PAT uses vacuum pumps connected to a network of buried tubes to suck water from the field. One interesting aspect of this technology is that the action can be “reversed” so that the field can be irrigated from the base up, allowing the turf to be watered even while it is under play. Heating systems are also available to keep the root zone warm and surfaces from freezing well into the winter.
A sophisticated system like PAT will perform at peak efficiency when it is paired with the optimum in irrigation components. So, it was no surprise when the company performing the installation, The Motz Group chose Hunter. When the renovation of the Stadium required the field to be lowered 14 feet, that meant that much of the PAT system would need to be reconfigured to a lower depth and the irrigation system would need to be installed once again, as if for the first time. This provided the ideal opportunity for The Motz Group to take advantage of the advances in irrigation technology since the existing products were installed in 1991. And they determined that the products on the market now that were best suited for the job would be those from Hunter.
The First Choice and the Only Choice
“Since we were essentially putting in what amounts to a whole new field, we could have chosen to install any brand of rotor,” said Mark Heinlein, project director for The Motz Group. “But, we saw no reason to turn to any other name than Hunter. We regularly install Hunter I-40 at our numerous other sports projects and we figured that they would be the ideal rotor for the conditions at Ohio State.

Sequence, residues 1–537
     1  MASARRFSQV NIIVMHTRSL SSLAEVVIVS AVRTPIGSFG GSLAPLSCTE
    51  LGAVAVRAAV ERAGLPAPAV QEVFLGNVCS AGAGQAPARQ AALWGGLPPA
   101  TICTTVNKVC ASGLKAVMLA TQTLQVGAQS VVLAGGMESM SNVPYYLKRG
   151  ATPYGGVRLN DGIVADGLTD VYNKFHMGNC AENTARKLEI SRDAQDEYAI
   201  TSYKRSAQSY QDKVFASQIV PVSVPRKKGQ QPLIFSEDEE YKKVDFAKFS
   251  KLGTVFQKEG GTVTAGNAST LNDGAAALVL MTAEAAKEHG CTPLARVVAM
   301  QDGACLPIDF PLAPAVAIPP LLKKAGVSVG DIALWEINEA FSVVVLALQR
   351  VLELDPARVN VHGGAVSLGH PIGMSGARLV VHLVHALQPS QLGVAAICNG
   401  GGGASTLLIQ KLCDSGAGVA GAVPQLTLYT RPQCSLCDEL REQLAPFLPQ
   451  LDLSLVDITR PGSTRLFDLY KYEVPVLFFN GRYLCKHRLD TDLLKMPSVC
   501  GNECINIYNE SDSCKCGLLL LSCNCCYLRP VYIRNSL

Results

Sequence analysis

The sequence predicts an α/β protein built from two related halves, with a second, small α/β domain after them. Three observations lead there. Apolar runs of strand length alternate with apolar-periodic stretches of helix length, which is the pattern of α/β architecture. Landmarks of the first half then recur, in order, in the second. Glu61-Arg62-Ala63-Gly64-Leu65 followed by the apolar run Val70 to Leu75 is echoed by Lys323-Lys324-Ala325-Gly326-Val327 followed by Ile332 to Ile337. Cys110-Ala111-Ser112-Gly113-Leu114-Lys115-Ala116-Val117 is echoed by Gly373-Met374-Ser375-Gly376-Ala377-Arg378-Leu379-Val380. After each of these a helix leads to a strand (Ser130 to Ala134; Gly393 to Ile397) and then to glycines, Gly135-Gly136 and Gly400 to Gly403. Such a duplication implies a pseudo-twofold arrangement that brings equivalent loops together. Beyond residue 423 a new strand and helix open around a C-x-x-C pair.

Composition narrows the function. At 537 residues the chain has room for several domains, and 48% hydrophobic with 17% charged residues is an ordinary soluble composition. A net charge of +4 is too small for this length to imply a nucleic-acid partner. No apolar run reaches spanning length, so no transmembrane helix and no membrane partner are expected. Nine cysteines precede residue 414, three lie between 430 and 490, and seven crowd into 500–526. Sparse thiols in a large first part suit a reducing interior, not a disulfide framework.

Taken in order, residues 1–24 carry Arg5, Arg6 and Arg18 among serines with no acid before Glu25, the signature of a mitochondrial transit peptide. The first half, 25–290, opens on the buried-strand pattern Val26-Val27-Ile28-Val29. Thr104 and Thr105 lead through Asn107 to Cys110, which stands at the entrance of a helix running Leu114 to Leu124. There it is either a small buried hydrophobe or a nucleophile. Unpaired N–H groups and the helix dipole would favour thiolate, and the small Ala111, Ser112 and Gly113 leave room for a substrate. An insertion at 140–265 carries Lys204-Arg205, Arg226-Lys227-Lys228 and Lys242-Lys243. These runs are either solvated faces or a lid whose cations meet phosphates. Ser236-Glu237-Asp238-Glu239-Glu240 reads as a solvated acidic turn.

“First of all, the PAT profile allows only a 12" maximum. It sits above a geo-membrane and the head needs to fit in that profile. The Hunter I-40’s overall height of 7-7/8" – with a pop-up height of 3-1/2" – was simply ideal for these parameters.
“But, the prime reason that we changed to Hunter rotors was because of their reputation for high performance in a pure sand environment. We discussed the possibility of installing other rotors, but we were convinced that no other brand has consistently proven itself more reliable than Hunter. Thus, no other brand was ever seriously considered.”
In all, a total of 32 Hunter I-40 rotors were installed. The rotors were grouped in sets of four for a total of 8 field zones that would be overseen by an ICC controller. Rounding out the system were 2" HBV valves, installed in a manifold on the wall in the university’s maintenance building.
“We considered the competition for valves and a controller, as well,” said Heinlein, “but, once again, Hunter proved itself to be the superior choice. As for valves, there is nothing more rugged on the market than the solid brass HBV. And, for a controller, the superior flexibility and outstanding water management capabilities of the ICC made it easy for us to switch out the brand at this site and make the irrigation at Ohio Stadium a Complete Hunter System.”